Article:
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TOR@CLE: Ubaldo fans three over seven strong frames

CLEVELAND -- The performance of the Indians' starting pitching might be buried in the box score, hidden beneath the heap of extra innings piled up over the course of this season's first two ballgames, but it is certainly not forgotten within the team's clubhouse.

Cleveland's first two losses have been full of wasted opportunities -- the kind that have squandered masterful showings from the team's starters. Any defeat spawns dissatisfaction, but there was an elevated sense of discontent in the aftermath of the Tribe's 7-4, 12-inning loss to the Blue Jays on Saturday at Progressive Field.

"It's the second game in a row our starting pitching has done a great job -- more than enough to win," Indians second baseman Jason Kipnis said. "I'm not going to lie, these games are frustrating. If it keeps going like this, it will get more and more frustrating. But, this team is still looking to kind of turn it around."

The latest recipient of low run support was Indians right-hander Ubaldo Jimenez, who pushed his spring struggles to the background and engaged in an impressive pitchers' duel with Toronto's Brandon Morrow. Jimenez carried a no-hitter into the seventh inning, using some jaw-dropping -- and knee-buckling -- breaking balls to keep the Blue Jays at bay.

Jimenez eventually flinched, though, and headed into the clubhouse with a no-decision for his work in a strong seven-inning effort. On Opening Day on Thursday, Cleveland sinkerballer Justin Masterson had the same result after logging eight stellar innings against Toronto in one of the greatest season-opening performances in Tribe history.

In both games, Cleveland's offense labored and its bullpen faltered, leaving Jimenez and Masterson empty handed when it was all said and done. Standing at his locker after the Indians' latest marathon loss, Jimenez expressed hope that his teammates -- specifically, the ones charged with wielding bats -- will indeed turn things around.

"Winning games is all about ptiching," Jimenez said. "So when you have Masterson and me having good games, that's a good sign for the team. That's when the other guys will do everything possible to try to throw the same. The offense is going to come along. One of these days, the guys are going to start hitting again. It's just the beginning of the season."

Through the first two games, Cleveland's offense has hit just .135 (12-for-89) as a team.

There is an old baseball adage that says a baseball season is a marathon -- not a sprint.

Cleveland and Toronto appear to be experimenting with an ultramarathon.

Thursday's Opening Day affair lasted 16 innings, representing the longest season opener in terms of innings in the long history of Major League Baseball. By going 12 innings on Saturday afternoon, the clubs became the first to log at least that many frames in consecutive games to begin a campaign since 1969.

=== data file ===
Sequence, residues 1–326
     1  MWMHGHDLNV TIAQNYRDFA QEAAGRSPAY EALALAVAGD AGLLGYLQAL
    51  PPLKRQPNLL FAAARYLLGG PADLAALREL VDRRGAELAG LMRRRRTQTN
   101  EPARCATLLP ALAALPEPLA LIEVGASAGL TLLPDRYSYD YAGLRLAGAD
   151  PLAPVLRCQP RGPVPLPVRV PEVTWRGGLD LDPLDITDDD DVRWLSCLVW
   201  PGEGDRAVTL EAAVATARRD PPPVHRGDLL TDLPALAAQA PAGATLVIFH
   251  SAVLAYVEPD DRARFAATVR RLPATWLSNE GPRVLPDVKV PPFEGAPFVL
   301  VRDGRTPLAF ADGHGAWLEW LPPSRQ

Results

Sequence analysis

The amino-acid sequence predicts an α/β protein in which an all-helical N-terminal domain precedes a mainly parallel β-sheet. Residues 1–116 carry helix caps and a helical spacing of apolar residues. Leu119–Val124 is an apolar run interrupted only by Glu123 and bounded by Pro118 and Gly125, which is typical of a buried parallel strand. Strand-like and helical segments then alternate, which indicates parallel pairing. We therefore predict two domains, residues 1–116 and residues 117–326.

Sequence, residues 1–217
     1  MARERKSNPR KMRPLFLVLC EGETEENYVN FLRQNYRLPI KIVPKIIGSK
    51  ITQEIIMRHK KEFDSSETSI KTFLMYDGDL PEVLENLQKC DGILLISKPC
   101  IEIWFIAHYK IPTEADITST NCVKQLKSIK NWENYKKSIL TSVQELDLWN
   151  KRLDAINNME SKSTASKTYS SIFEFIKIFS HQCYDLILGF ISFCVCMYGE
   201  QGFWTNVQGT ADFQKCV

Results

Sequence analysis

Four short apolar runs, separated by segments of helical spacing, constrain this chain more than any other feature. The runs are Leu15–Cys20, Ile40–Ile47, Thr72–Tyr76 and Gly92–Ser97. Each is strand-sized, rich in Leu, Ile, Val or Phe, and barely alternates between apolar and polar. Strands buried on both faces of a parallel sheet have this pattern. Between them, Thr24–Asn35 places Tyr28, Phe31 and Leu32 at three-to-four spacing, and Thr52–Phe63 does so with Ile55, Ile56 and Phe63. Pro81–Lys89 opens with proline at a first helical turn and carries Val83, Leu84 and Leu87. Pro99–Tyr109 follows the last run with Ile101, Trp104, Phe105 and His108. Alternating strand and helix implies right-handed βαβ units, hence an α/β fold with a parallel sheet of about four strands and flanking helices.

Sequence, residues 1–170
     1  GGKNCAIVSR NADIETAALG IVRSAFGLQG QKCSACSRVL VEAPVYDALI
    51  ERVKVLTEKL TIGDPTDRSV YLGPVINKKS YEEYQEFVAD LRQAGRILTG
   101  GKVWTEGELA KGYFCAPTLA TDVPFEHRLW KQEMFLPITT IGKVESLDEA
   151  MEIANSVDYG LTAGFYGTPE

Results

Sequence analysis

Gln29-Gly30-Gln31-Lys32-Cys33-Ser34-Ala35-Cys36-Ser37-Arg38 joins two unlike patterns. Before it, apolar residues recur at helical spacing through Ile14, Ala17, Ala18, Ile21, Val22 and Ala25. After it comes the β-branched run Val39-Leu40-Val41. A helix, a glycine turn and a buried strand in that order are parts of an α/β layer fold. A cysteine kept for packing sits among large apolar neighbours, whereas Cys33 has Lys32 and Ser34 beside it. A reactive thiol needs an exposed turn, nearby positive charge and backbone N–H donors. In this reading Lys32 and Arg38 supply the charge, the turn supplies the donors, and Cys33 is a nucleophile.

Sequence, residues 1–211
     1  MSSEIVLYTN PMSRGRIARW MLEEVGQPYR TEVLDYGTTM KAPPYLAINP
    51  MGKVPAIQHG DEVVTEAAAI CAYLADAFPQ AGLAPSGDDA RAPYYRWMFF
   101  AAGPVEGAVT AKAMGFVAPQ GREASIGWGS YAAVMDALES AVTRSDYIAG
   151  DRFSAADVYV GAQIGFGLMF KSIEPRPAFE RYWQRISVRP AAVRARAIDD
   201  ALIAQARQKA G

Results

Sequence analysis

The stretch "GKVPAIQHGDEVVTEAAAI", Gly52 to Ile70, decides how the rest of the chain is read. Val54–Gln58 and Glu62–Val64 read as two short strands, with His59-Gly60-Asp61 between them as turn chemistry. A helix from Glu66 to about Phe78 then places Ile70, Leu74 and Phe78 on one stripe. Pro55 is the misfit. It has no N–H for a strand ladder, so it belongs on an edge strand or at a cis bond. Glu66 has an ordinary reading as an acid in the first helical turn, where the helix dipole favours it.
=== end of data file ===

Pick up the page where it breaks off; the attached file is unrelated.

No matter the amount of innings, the Indians netted the same result as a year ago by dropping their first two games of the season.

"I'll take this over the first two games from last year," said Indians manager Manny Acta, who pounded his fist on his desk for emphasis. "We gave up 14 runs in the first three innings [on Opening Day 2011]. We had a chance to win both of these games. You've got to like that better."

Acta is known for doing all he can to sift through the wreckage to find any positives.

Of course, it did not take much digging to locate optimism over the outing fashioned by Jimenez.

"Ubaldo was terrific," Acta said. "He was very confident."

Following a spring in which the righty posted a 7.43 ERA and was hit with a five-game suspension that he will begin serving immediately, Jimenez was perfect through the first 17 hitters he faced. He did not allow run until the seventh, ending the day with three strikeouts against three walks.

In that frame, Jimenez issued a pair of walks, threw a wild pitch and watched his missteps come back to bite him in the form of a two-run single off the bat of Brett Lawrie. That erased the 2-0 advantage Cleveland built against Morrow -- Kipnis belted a two-run homer off the righty in the fifth -- in his seven innings of one-hit dominance.

"I got myself in trouble, walking those two guys," Jimenez said. "Pretty much every time you start walking guys you get in the danger zone."

After Jimenez and Morrow bowed out of the ballgame, both clubs showed some fight as the game persisted. Kelly Johnson belted a leadoff home run off Indians reliever Vinnie Pestano in the top of the ninth inning and Asdrubal Cabrera answered with a solo blast for the Tribe in the home half of the frame to tie the game at 3.

The Blue Jays finally pulled away with a four-run burst in the 12th inning, which was more than sufficient in holding off one final rally by the Indians.

"We're doing some things right," Acta said. "When you have two hits and you're playing baseball in the 12th inning, it means you're doing some stuff right. We're pitching and catching the ball well. We just haven't been able to break out offensively. But, it's only two games."

Two games that have undoubtedly been frustrating for the Indians given the strength of their starting pitching.

"[Ubaldo] definitely pitched good enough to win," Kipnis said. "He looked a little bit more determined -- a little bit more ready -- than we might've seen in spring. That was good to see. He kind of came out on fire and just kind of stayed that way."

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